EDITORIAL: GOP tax plan gives the rich kids all the Halloween candy
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Speaking of the undeserving super rich, did you catch Donald Trump Jr.’s tweet the other day about Halloween candy?
He meant to make a point about the evils of socialism, but he made a better point about what’s wrong with the new House Republican tax plan.
In a tweet on Tuesday, Trump Jr. posted a photo of his daughter Chloe and wrote: “I’m going to take half of Chloe’s candy tonight & give it to some kid who sat at home. It’s never to early to teach her about socialism.”
As you might imagine, the backlash online was immediate. Nothing is quite so annoying as an entitled rich boy lecturing the rest of us about hard work. Our favorite response came from J.K. Rowling, the creator of Harry Potter, who tweeted back: “Fill her bucket with old candy left by her great-grandfather, then explain that she has more because she’s smarter than all the other kids.”
A spirit of unearned entitlement runs all through the House Republican tax plan. It would give a giant tax cut to corporations that have failed to significantly raise workers’ salaries and benefits in decades while rewarding shareholders and top executives with generous dividends and stock options.
It would pad the income of the ultra-rich by eliminating the alternative minimum tax, which assures that wealthy people who claim lots of deductions pay at least something in taxes.
It would allow billionaires to pass along to their kids every last dollar of their great wealth — unearned candy in the Halloween bag — by eliminating the estate tax.
The heart and soul of the Republican tax plan is a cut in taxes on corporate profits to 20 percent, from 35 percent. The argument is that businesses will invest the savings and grow and pay their workers more in salaries, bonuses and benefits.
If this were mostly true, wouldn’t that be terrific? But it is heavily untrue. And if the real truth is that most of the new corporate revenue would be showered on CEOs, shareholders and other investors —35 percent of whom are foreigners — why should the rest of us get on board?
The dangerous truth for our democracy, though critics dismiss such talk as “class warfare,” is that the wealth and income gaps in the United States have been growing since the late 1970s, with the richest 1 percent of Americans now owning 40 percent of the nation’s wealth. Any new tax plan that fails to build in ways to narrow this gap should be treated as dead on arrival.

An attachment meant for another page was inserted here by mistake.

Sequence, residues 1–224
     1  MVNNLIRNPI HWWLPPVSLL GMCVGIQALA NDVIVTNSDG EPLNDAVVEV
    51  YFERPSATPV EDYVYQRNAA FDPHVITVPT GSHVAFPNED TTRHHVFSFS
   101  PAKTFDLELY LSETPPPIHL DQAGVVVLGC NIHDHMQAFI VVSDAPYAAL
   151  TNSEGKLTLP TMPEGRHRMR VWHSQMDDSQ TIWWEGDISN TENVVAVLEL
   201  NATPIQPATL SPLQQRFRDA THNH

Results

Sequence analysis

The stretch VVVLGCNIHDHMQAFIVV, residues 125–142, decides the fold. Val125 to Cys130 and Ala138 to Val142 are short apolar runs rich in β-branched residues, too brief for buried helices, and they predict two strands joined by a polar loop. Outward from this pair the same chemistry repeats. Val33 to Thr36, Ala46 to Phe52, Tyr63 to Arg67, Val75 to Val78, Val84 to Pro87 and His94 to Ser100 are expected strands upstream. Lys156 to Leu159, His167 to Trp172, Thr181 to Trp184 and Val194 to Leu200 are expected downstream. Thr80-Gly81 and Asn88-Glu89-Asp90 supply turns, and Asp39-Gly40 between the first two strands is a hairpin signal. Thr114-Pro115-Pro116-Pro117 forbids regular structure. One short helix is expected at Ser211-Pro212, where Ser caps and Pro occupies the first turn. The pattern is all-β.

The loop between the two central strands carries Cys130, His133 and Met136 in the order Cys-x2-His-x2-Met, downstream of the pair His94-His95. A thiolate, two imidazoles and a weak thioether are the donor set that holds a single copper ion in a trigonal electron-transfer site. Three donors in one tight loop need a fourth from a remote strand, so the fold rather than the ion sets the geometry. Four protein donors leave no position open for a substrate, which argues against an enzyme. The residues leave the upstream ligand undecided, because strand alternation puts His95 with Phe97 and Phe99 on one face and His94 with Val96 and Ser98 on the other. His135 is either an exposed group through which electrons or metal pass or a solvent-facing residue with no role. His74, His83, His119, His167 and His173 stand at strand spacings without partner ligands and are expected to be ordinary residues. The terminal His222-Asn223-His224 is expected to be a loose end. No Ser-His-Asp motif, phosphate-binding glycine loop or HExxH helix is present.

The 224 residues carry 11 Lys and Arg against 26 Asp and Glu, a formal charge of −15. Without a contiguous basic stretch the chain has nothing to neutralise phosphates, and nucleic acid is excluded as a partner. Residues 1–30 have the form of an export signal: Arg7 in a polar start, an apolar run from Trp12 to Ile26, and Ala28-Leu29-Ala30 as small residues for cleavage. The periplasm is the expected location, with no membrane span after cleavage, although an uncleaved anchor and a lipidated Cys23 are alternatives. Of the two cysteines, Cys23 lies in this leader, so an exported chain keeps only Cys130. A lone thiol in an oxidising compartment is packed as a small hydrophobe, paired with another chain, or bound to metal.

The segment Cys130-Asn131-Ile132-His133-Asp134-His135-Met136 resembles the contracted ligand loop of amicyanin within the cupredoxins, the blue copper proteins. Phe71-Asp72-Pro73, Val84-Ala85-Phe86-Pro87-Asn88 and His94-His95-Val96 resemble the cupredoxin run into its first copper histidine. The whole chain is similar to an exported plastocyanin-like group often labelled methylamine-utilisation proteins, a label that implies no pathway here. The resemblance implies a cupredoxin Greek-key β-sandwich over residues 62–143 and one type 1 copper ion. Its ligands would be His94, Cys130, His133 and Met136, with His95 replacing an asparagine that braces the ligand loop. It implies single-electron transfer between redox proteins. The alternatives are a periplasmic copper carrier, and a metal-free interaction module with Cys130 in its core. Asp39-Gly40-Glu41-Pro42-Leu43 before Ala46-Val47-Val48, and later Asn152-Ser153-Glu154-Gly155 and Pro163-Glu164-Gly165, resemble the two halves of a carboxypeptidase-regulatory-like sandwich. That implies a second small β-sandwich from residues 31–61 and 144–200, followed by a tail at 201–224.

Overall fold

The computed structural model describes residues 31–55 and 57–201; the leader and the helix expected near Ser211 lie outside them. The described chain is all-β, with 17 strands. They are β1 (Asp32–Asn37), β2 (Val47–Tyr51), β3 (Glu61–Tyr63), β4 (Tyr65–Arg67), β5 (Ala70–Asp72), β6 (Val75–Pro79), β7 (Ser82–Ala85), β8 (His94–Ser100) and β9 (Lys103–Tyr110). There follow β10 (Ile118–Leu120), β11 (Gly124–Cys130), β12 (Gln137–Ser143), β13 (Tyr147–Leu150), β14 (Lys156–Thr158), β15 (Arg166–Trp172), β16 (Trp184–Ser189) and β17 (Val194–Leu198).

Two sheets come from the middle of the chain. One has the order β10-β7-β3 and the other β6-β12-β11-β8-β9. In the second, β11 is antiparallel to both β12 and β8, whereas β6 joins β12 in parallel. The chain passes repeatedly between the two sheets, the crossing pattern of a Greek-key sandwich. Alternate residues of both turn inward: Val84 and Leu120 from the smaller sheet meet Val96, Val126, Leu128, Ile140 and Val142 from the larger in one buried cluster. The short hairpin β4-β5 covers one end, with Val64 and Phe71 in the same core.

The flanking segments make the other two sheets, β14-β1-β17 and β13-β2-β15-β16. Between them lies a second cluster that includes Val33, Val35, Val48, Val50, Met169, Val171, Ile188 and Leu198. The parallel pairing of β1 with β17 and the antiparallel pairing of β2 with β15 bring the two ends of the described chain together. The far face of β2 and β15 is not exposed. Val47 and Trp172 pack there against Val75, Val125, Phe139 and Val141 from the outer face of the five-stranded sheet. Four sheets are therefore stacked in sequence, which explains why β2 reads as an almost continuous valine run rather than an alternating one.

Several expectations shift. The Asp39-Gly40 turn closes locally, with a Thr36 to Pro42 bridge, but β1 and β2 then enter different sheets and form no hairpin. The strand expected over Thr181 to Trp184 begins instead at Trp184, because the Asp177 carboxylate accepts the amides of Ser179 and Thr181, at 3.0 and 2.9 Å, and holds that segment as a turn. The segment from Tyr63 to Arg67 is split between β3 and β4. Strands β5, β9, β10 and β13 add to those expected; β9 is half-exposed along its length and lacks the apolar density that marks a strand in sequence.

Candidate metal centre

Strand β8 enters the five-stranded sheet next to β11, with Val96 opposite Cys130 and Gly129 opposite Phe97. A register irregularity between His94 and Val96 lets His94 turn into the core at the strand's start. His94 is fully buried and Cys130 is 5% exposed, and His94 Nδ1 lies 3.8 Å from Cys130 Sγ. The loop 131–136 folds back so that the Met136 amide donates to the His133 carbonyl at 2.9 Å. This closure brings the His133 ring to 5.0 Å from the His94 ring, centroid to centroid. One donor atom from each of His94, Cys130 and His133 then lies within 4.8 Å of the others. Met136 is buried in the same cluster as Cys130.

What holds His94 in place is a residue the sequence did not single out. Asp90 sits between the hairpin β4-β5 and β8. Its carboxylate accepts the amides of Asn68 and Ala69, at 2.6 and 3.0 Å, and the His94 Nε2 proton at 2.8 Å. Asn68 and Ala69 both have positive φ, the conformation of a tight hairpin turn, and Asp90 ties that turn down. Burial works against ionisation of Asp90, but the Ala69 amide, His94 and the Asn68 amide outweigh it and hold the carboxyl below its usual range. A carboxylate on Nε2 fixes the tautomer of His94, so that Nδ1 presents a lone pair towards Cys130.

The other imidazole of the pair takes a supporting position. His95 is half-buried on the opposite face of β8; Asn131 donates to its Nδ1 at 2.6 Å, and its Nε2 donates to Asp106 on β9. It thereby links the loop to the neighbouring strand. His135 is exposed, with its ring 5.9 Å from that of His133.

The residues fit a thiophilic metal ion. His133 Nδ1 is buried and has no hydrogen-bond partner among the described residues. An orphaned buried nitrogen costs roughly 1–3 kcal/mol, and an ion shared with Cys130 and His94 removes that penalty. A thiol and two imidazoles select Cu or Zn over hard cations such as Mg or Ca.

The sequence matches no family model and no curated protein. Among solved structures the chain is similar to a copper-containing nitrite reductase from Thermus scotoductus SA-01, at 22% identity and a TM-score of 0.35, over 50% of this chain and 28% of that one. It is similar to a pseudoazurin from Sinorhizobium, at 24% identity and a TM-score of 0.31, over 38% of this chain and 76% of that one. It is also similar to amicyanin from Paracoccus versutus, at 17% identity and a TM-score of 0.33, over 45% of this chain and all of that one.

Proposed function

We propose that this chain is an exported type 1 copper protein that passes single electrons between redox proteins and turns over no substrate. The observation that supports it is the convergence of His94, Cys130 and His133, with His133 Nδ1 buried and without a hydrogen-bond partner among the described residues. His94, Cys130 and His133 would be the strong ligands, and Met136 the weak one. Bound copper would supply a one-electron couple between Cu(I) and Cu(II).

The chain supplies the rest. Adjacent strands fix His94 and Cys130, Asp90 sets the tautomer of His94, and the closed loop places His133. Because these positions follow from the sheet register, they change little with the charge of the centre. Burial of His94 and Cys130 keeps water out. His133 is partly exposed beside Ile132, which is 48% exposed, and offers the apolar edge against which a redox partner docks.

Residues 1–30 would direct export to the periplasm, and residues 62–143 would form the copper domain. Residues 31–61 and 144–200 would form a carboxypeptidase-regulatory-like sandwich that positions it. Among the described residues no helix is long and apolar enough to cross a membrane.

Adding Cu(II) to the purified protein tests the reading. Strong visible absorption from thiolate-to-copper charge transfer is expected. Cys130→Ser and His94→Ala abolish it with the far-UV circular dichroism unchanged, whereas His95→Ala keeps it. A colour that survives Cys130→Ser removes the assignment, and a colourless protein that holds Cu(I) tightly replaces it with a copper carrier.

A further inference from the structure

We believe in merit. We believe that people who work hard and smart and long should make more money than people who don’t. More power to them. But to pretend that 1 percent of Americans have come to own fully 40 percent of our nation’s wealth through sheer merit is absurd. And to pretend that the bottom 80 percent of Americans are so lazy and unproductive as to deserve just 7 percent of the nation’s wealth, which is the sad reality, is offensive.
Last year, the average CEO of a large American firm was paid 271 times more than the average worker, including wages and stock options, according to the Economic Policy Institute. That worked out to $15.6 million per CEO. In contrast, the average CEO in 1978 was paid only 30 times more than the average worker. And in 1965, the pay gap was even smaller — just 20 to 1.
“Exorbitant CEO pay means that the fruits of economic growth are not going to ordinary workers, since the higher CEO pay does not reflect correspondingly higher output,” warns the Economic Policy Institute.
We pride ourselves that America’s free-market economy rewards merit. But increasingly it does not. Our tax laws undermine our meritocracy, allowing for a greater concentration of the nation’s wealth into ever fewer hands. Twenty people, according to Forbes magazine, now own as much wealth as half of all Americans.
Nothing in the House Republican tax plan addresses this assault on the merit principle. It rewards big business over small business, and the wealthy over the middle-class. It would double the standard tax deduction for individuals and married couples, but wipe out many of the other deductions and credits they now enjoy. The deduction for state and local income taxes would be eliminated. The property tax deduction — of huge importance to many Chicago-area homeowners — would be capped at $10,000.
Meanwhile, the one direct tax tool designed to keep the United States from devolving into a self-satisfied aristocracy of inherited wealth — the estate tax — would apply only to estates of more than $11 million, rather than the current $5.5 million, and would be eliminated completely in six years.
Chloe would get all the candy, whether or not she works a day in her life.
For most of the rest of us, the House Republican tax plan is a lot more a trick than a treat.
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